Now add to this pre-disposition against assuming more responsibility over the doctor-patient relationship, the recent flap over Obama’s mandate for church-related hospital and charities to provide services and prescriptions, or insurance coverage for such services and prescriptions, which violate the tenets of the religious institutions that manage such hospitals and charities, and you see that this issue is more politically volatile and complex than we conservatives often think. Yes, conservatives and many independents viscerally recoil at the notion of government having and exercising the power to mandate us to do anything, and especially when such power is used to interfere with the decisions and doctrines of a church (and most believe that such government action is unconstitutional). On the other hand, even many conservatives are much more ambivalent about middlemen in their medical decisions, including government, when they are forced to consider the alternative. So, when these people hear that access to contraceptives could be denied to some women, and that the alternative to mandates that are designed to require such access is responsibility they don’t want, their reaction to the issue is not predictably supportive of the religious liberty of the church.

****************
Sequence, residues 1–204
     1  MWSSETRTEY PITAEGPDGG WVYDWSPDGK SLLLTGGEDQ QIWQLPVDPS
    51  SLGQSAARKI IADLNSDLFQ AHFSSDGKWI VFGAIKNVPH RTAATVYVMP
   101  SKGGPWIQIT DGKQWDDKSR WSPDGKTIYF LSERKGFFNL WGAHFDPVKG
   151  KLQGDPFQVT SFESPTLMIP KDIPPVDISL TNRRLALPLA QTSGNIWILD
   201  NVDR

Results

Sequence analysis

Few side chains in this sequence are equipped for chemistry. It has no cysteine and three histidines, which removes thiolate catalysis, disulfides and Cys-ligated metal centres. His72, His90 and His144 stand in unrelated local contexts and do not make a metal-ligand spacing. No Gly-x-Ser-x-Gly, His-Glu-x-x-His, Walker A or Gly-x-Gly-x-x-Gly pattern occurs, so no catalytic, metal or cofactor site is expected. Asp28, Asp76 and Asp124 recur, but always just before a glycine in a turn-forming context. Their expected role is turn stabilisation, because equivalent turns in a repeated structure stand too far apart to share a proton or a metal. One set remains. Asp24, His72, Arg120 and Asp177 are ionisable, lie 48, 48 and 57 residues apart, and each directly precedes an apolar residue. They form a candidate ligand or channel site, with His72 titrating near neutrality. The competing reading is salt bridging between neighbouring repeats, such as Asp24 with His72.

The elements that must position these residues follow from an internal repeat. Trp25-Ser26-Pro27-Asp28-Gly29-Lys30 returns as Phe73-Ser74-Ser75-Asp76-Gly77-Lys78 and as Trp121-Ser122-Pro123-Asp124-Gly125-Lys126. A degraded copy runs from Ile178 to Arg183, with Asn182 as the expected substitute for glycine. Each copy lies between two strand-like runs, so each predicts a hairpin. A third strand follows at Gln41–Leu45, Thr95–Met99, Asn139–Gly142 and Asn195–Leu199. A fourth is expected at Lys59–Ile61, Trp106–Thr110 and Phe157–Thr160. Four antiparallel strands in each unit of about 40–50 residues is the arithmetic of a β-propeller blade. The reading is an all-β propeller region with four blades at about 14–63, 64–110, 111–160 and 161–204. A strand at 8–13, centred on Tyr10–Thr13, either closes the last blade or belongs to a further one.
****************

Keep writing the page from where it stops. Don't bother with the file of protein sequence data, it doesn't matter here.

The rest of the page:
Where does all of this lead to? As I’ve said so often that I’m beginning to feel like a broken record, it leads to the hardest question we Americans have to face this fall, and for many years to come: are we willing to take back the personal responsibilities that the maintenance of liberty and a society of free people requires? If not, then electing Republicans to Washington this fall will not matter in the long-run, because the trajectory of public policy will continue in a leftward direction toward a European system with the trade-offs between social programs and national defense that Europeans have made, and with the acceptance of increasing public and private debts to finance such a system—until it inevitably collapses, internally or externally.
If electing Republicans this fall is to mean real change, we will have to look in the mirror and accept the personal responsibilities such changes will demand of us.